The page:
On Sunday, October 7, the 41st Bank of America Chicago Marathon will take place along 26.2 miles of city streets and finishing in Grant Park. Each year, some of the world’s best athletes compete for a win at the Majors course, considered one of the fastest marathon courses on U.S. soil.
Lining up at this year’s event is a stacked American and international field including defending champion Galen Rupp, Mo Farah, Abel Kirui, Dickson Chumba, Yuki Kawauchi, Amy Cragg, Laura Thweatt and Alexi Pappas. But before we make our way to the Windy City alongside 45,000 runners this October, here are a few of the most memorable, interesting, tragic and record-breaking Chicago Marathon moments of the last 10 years:
It should come as no surprise that Galen Rupp and Jordan Hasay are two of our favorite moments of last year’s Chicago Marathon. Rupp, 31 at the time, ended a 15-year drought for the Americans as he crossed the finish line in 2:09:20 to take home the title. In the women’s division, Hasay became the second-fastest American marathoner in history when she broke the tape in 2:20:57, placing third overall.
In 2016, it was Tatyana McFadden’s year (again). The athlete won her sixth straight title and seventh overall in the women’s wheelchair division, coming in at 1:42:28. Her win sealed her name in history as she became the most-decorated athlete to compete in the event. At the time, her stats also included a world record in every track event as well as 17 Paralympic medals including seven gold.
Ten years after winning the Chicago Marathon, American Deena Kastor made history again, but this time her feet never touched a podium. The 42-year-old was the top American female finisher, coming in seventh in 2:27:48, and setting an American women’s masters record. This was also the first time in 25 years that the event did not allow pace-setting runners which may have led to the slowest win since 2007 in the men’s division and the second slowest in 20 years. Kenya’s Dickson Chumba came in at 2:09:25
In the men’s elite division, Eliud Kipchoge completed the course in 2:04:11, adding his second podium finish on an official Abbott World Marathon Majors course. His win was only the beginning of a slew of titles that would eventually seal his fate as the fastest marathoner in history. Of course, what we didn’t know then, was that four years later in 2018, he’d go on to set a new world record in Berlin with a time of 2:01:39. But 2014 was a also an interesting year for another reason: women’s champion Rita Jeptoo was later disqualified after testing positive for the blood-boosting drug EPO. Ethiopia’s Marie Didaba was eventually declared the official winner.
Only six months earlier, two homemade pressure cooker bombs detonated at the Boston Marathon, killing three people and leaving several hundred others injured. Because of this, tensions were high among runners and race officials increased security for the event. But even in the wake of tragedy, 39,122 runners crossed the finish line that October, the highest since 2000. Plus, a new course record was set in the men’s field as Dennis Kimetto broke the tape in 2:03:45.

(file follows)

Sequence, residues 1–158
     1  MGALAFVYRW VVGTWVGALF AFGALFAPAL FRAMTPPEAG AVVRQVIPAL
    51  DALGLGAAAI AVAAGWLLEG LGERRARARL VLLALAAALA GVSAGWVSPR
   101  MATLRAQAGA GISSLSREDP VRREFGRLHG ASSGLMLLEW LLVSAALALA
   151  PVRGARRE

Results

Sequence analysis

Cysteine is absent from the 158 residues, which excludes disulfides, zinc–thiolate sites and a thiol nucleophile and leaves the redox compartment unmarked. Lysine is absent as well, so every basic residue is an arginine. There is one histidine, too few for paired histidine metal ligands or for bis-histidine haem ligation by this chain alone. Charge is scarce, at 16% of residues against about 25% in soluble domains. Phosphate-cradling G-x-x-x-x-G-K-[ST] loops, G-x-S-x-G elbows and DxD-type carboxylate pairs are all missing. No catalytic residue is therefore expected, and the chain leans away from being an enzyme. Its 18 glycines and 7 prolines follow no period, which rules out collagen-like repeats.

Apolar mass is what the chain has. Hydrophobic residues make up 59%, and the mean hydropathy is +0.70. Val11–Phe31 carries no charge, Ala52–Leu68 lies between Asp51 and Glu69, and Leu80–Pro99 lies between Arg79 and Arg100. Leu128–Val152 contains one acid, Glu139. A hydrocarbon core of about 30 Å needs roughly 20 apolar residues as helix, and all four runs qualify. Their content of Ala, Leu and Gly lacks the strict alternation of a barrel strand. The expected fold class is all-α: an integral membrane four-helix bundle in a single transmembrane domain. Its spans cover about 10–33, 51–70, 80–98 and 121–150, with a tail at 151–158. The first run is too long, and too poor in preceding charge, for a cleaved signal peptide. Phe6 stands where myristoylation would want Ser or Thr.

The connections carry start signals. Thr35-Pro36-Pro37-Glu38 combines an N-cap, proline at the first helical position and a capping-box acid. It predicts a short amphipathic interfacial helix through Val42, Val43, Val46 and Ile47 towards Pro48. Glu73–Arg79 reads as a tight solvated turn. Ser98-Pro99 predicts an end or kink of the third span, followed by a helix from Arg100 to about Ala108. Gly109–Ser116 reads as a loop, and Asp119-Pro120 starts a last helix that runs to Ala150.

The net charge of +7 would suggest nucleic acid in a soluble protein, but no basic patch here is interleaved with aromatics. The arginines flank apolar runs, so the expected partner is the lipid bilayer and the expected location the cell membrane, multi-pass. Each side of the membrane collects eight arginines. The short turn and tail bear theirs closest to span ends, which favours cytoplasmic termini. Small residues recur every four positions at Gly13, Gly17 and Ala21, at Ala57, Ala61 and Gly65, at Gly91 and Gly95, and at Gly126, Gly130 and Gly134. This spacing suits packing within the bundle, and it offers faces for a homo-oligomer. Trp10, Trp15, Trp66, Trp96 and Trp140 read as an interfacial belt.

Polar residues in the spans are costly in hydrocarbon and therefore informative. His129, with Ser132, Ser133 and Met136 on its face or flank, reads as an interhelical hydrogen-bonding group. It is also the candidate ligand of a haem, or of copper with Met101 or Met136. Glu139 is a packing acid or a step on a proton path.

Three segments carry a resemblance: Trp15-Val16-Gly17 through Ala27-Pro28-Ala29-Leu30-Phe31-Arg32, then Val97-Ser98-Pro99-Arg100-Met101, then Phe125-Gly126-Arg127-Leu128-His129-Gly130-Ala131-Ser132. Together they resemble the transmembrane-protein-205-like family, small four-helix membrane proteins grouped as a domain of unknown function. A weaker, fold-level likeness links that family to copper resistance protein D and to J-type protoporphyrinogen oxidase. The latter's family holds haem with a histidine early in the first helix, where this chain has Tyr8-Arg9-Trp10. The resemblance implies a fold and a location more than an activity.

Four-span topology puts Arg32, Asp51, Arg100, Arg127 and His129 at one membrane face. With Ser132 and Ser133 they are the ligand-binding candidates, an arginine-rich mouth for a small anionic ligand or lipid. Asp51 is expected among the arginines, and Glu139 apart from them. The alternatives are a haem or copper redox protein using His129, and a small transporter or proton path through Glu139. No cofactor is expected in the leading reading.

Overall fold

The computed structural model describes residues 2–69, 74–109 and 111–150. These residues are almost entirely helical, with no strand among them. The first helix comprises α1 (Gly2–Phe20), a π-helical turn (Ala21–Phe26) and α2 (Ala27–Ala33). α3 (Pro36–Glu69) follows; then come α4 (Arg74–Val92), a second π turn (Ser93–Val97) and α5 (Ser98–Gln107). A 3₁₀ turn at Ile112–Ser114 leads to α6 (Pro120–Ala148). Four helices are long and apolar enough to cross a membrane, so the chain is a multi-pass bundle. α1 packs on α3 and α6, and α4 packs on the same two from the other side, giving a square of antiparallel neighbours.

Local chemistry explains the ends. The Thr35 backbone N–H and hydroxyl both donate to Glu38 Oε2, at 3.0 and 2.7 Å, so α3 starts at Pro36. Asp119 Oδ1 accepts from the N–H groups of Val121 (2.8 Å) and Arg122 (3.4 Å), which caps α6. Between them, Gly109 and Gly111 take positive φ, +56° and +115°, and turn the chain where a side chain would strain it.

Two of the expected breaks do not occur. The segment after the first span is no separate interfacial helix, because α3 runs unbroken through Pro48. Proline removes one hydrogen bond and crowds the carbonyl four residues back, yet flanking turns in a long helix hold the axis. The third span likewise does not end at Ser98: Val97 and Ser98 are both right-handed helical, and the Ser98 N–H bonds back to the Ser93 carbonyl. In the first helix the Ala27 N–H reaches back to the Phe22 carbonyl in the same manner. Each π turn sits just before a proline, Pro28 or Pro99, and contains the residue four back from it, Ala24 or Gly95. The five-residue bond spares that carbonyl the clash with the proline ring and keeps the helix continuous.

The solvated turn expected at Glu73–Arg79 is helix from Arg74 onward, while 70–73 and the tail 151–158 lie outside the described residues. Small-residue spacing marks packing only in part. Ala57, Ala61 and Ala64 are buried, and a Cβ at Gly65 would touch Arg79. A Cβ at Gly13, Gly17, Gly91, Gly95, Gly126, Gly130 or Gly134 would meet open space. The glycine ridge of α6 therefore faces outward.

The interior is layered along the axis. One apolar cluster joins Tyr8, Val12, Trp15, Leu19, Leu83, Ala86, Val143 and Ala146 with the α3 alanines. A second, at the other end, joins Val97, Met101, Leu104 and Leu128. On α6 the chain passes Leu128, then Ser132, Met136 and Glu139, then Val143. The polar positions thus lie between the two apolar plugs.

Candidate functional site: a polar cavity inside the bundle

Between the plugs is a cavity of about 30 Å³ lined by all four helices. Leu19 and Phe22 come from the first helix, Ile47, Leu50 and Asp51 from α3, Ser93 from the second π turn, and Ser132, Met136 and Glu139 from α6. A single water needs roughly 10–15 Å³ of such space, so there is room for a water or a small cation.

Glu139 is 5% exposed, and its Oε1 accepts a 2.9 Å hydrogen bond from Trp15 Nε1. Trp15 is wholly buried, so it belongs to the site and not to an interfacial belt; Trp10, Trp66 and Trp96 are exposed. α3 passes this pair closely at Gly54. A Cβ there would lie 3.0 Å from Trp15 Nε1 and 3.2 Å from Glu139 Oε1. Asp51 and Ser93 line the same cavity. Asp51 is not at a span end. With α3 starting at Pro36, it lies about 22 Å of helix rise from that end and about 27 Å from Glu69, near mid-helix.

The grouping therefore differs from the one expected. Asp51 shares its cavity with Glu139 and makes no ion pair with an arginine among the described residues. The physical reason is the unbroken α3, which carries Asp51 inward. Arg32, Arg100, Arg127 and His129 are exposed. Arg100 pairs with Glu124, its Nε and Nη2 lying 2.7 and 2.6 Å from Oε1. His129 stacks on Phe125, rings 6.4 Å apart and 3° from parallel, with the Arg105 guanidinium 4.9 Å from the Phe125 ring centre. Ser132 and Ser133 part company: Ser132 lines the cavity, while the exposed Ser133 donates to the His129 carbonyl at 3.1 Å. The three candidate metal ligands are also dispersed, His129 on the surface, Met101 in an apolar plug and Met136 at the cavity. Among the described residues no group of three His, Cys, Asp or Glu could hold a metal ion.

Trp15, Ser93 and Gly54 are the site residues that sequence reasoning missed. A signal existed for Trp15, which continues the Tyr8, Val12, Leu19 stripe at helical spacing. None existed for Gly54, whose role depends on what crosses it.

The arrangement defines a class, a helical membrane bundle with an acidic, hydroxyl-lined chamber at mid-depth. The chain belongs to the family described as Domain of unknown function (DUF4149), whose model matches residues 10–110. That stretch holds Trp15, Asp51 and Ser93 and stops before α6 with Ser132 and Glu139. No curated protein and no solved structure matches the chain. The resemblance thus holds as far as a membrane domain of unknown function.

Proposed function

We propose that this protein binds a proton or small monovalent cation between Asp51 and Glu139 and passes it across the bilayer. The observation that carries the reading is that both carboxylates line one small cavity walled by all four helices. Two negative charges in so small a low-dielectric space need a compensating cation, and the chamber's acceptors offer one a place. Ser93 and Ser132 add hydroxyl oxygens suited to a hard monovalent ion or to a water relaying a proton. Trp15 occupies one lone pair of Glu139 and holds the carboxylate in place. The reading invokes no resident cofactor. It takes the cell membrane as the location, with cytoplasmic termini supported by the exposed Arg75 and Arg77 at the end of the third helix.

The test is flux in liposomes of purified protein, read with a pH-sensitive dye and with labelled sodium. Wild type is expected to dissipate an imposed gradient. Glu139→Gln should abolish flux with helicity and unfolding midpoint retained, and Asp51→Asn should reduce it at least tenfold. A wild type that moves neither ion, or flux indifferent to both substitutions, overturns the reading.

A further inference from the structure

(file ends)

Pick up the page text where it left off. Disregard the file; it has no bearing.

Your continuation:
This was Ethiopia’s year. The country’s athletes swept the podium on the men’s side and took the top spot for the women. For the female division, Atsede Baysa beat out Kenyan Rita Jeptoo in 2:22:03 by only one second, becoming the closest finish in the event’s history among elite women. In the men’s division, Tsegaye Kebede crossed the finish line in 2:04:38, breaking the course record and becoming the first Ethiopian male to win in the Windy City. That year also saw more than 1,300 runners cross the finish line without receiving medals. The staff had only ordered enough medals to hand out to runners who finished faster than 6.5 hours.
If you thought running a marathon in itself was hard work, try doing so 39 weeks pregnant. In 2011, Chicago local Amber Miller completed all 26.2 miles (with the run-walk method) before going into labor and giving birth to a baby girl just hours later. Over in the elite field, Kenyan Moses Mosop took home the win in 2:05:37 while Russia’s Liliya Shobukhova broke the tape in 2:18:20, winning her third straight title in the event. Her time was the second fastest in history until 2014 when she was subsequently disqualified for all three years after testing positive in a drug test. All her records have since been erased.
Kenyan Samuel Kamau Wanjiru defended his title at the 2010 event, breaking the tape in 2:06:23, solidifying himself as one to watch in long-distance running. Only two years earlier he had moved to the full marathon and won the event at the 2008 Beijing Olympics to secure a new Olympic record with a time of 2:06:32. In 2009, the athlete won both the London and Chicago marathons in 2:05:10 and 2:05:41, respectively. On May 15, 2011, Wanjiru tragically died during a domestic dispute in his home. The 2010 Chicago Marathon was his final race.
Just two years earlier, the weather during the 2007 Chicago Marathon was so hot that after 3.5 hours, the course was shut down and runners could not complete their race. In 2009, however, temperatures were the lowest they’d been in over a decade, sitting at around 45 degrees F and with a slight 5 mph wind speed. Along with the colder temps, problems with the electronic chip-timing system at around mile nine led to 56 disqualifications. They were eventually overturned once race organizers were made aware of the malfunction.
While the 2008 marathon was not as blisteringly hot as the year before, its over 70 degree temperatures at the finish line were nothing to joke about. In total, 11,000 runners didn’t even bother to show up on race day. However, for Kenyan Evans Cheriuyot, the weather was not a factor. Coming in at 2:06:25, the runner secured his sixth win at the event and had the ninth fastest time in the race’s 31-year history.